US companies looking to return home from China face significant problems

As the United States awakens to its supply-chain vulnerabilities amid heightened pressure on companies to “reshore” from China, it is grappling with an uncomfortable truth: most will not end up relocating to the US. And, business experts say, the relatively few that do probably should not have left in the first place.
“Reshoring was just something nice, a nice idea, mostly for companies that should never have outsourced to a country like China,” said Renaud Anjoran, chief executive of Shenzhen-based Sofeast, which advises companies manufacturing in China and Vietnam. “Their total cost was not really that much lower, they didn’t save that much, they were not that labour-intensive.”
Accurate figures on reshoring are hard to come by. The Kearney Reshoring Index showed record shifts of US production from Asia in 2019, but this measures macroeconomic trends not individual jobs, companies or where they move to.
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Another online “Reshoring Initiative”, which claims that “around 900,000” jobs returned to the US between 2010 and late 2019, relies on Google searches and does not factor in how many jobs were lost.
Patrick Van den Bossche, a Kearney partner who pioneered the Reshoring Index, said that companies often announce production shifts to the US, attracting headlines and official praise, without following through.
“There are these bold statements about bringing everything back from China,” said Van den Bossche. But all too often, 5,000 promised jobs are quietly scaled back to 500 even as deadlines stretch into years, he said. “Soup is never eaten as hot as it’s cooked. There’s a lot of blowhard stuff going on right now.”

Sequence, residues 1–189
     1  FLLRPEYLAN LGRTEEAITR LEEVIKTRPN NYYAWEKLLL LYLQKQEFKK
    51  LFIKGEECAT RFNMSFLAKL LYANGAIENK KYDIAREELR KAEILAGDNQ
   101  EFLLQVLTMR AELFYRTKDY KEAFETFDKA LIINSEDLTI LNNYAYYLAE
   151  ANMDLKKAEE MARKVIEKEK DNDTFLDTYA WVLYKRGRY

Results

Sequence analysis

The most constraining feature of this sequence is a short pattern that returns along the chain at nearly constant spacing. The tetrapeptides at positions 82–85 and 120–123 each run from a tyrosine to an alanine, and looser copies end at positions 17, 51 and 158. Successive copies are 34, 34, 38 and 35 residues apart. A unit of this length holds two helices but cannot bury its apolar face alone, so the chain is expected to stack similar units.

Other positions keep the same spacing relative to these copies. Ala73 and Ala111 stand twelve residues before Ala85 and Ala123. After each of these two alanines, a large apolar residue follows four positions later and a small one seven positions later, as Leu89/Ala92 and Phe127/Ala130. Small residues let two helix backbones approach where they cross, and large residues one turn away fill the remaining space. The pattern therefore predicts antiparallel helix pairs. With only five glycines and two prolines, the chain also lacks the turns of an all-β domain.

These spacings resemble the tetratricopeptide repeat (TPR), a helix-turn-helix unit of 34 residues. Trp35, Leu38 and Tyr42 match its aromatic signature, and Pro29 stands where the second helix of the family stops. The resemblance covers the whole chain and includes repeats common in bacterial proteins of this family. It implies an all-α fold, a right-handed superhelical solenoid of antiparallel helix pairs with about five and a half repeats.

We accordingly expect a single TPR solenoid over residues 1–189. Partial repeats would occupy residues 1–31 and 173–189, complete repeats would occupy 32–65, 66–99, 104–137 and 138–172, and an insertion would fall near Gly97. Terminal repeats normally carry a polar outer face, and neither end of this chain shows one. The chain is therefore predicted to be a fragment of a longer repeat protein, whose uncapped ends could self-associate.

That has not stopped the calls from Washington to “reshore” and “decouple” the world’s two largest economies, fuelled by Covid-19, the trade war and mounting US-China tensions.
The Defence and Commerce Departments are pressuring US companies to sharply reduce or end China sourcing and manufacturing; the State Department is working with Australia, India and Japan to reroute supply chains; and President Donald Trump signed an executive order in May directing the US International Development Finance Corporation ” America’s development bank for emerging markets ” to bolster US manufacturers.
“My goal is to produce everything America needs for ourselves and then export to the world,” Trump said on a recent visit to a Pennsylvania factory.
Congress, for its part, has introduced several bills recently aimed at reshoring manufacturing and revitalising US industries. Legislation ” targeting industries from rare earths and medical products to drones, steel and semiconductors ” calls for subsidies, tax breaks, national security safeguards and investment restrictions or bans on Chinese companies.
Coronavirus has been a painful wake-up call that we are too reliant on nations like China,” said US Senator Lindsey Graham, Republican of South Carolina.
Economic and political logic do not always correspond, however. Manufacturers relocating from Asia to the US are often confronted by creaky factories, outdated infrastructure, underdeveloped supplier networks and mismatched labour, analysts said.
“I don’t believe that countries, any country around the world, can reskill people very quickly,” said Rafael Salmi, president of Richardson RFPD, a technology engineering company based in Geneva, Illinois.
“You’re going to have hundreds of thousands of Uber drivers or Instacard delivery people or hairdressers that lose their jobs. And it’s like, wow, I’m going to create a hi-tech factory? The access to talent is still a big challenge.”
High-end sportswear maker Kitsbow decided last year that US production made sense given the long lead times, cash flow concerns and language gaps with its Chinese suppliers. But implementing a just-in-time inventory system ” which is second nature in Asia ” was challenging back in North Carolina.
“We knew we would have to train some of the sewers. We didn’t realise we would have to train almost all of them,” said Kitsbow chief executive David Billstr…
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